Strategy Learning
Maximum 0 5
Expected Total Winnings Expected Payoff Rate Horizon 50
Horizon 100
Horizon 200
Horizon 400 0.02 0.04 0.06 10 15 20 25 30 0.08 35 0.1 0.12 40 0 100 200 300 400 500 600 700 800 45 900 Switching Hand 0 50 100 150 200 250 300 350 400 Switching Hand Figure 3: Convergence Study: Expected payoff rate vs.
switching hand for parameter and strategy learning Figure 4: Game Length Study: Expected total winnings
vs. switching hand for game lengths of 50, 100, 200,
and 400 hands played by parameter learning Convergence Rate Study Game Length Study This study is provided to show that our total winnings
results are robust to games of varying length. While
most of our results are presented for games of 200
hands, it is only natural to question whether different
numbers of hands would have different optimal switching points. Figure 4 shows overlaid total winnings plots
for 50, 100, 200, and 400 hands using parameter learning. The lines are separated because the possible total winnings is different for differing numbers of hands.
The important observation to make is that the highest
value regions of these curves are fairly broad, indicating that switching times are ﬂexible. Moreover, the regions of the various curves overlap substantially. Thus,
switching at hand 50 is a reasonable choice for all of
these game lengths, offering close to the best possible
total winnings in all cases. This means that even if
we are unsure, a priori, of the number of hands to be
played, we can be conﬁdent in our choice of switching
time. Moreover, this result is robust across our range of
opponents. A switch at hand 50 works well in all cases. 5 0 Expected Total Winnings Figure 3 shows the expected payoff rate plot of the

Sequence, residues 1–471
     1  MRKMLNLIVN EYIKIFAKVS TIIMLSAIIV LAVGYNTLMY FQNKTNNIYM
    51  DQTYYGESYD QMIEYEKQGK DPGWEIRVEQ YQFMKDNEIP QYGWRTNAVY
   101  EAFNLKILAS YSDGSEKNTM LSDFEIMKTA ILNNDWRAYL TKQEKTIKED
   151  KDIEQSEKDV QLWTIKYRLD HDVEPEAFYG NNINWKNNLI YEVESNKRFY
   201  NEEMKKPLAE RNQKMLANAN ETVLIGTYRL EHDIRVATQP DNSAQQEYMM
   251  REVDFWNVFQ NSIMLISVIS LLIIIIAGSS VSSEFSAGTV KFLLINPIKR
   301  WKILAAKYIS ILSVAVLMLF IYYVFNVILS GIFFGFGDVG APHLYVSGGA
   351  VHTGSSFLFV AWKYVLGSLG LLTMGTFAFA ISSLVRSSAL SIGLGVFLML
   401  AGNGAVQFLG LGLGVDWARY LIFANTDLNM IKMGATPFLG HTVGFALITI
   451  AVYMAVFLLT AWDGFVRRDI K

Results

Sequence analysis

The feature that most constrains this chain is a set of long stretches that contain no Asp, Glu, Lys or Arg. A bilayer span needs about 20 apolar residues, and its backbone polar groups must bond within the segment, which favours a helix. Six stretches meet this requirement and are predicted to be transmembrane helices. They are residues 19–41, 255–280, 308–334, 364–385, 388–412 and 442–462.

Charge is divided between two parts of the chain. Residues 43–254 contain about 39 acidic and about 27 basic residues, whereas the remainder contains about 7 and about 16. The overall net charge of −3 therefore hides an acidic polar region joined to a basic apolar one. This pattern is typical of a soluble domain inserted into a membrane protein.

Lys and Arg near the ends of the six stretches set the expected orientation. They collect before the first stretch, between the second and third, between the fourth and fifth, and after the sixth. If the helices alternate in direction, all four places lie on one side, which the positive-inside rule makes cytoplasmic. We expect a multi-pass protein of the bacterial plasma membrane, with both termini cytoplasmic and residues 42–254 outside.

two learning methods against a single opponent. The
straightline near the top shows the maximum exploitation rate for this opponent (i.e. the value of the best response to P2’s strategy). It takes 200 hands for parameter learning to almost converge to the maximum and
strategy learning does not converge within 900 hands.
Results for other opponents are generally worse, requiring several hundred hands for nearconvergence. This
shows that, even in this tiny game, one cannot expect
to achieve maximal exploitation in a small number of
hands. The possibility of maximal exploitation in larger
games can reasonably be ruled out on this basis and we
must adopt more modest goals for opponent modellers. 5 10 weak, bad
strong, bad
weak, default
strong, default 15 20 25 0 50 100 150 200 Switching Hand Figure 5: Prior Study: Four different priors for parameter learning against a single opponent. Parameter Learning Prior Study
In any Bayesian parameter estimation approach, the
choice of prior is clearly important. Here we present a
comparison of various priors against a single opponent
(O6 = (.17, .2)). Expected total winnings are shown
for four priors: a weak, default prior of (.5,.5), a weak,
bad prior of (.7,.5), a strong, default prior of (.5,.5), and
a strong, bad prior of (.7,.5). The weak priors assume
2 ﬁctitious points have been observed and the strong
priors assume 20 points. The “bad” prior is so called
because it is quite distant from the real strategy of this
opponent. Figure 5 shows that the weak priors clearly
do better than the strong, allowing for fast adaptation to
the correct opponent model. The strong priors perform
much more poorly, especially the strong bad prior. AAAI05 / 787 0 5 Gamma = 1.0
Gamma = 0.75
Gamma = 0.5
Gamma = 0.25
Gamma = 0 2 4 Parameter Learning
Nash (Gamma = 1)
Strategy Learning 0 Expected Total Winnings Expected Total Winnings 6 8 10 12 14 5 10 15 16 18 20 20 22 0 50 100 150 200 25 Switching Hand 0 50 100 150 200 Switching Hand Figure 6: Nash Study: Expected total winnings vs.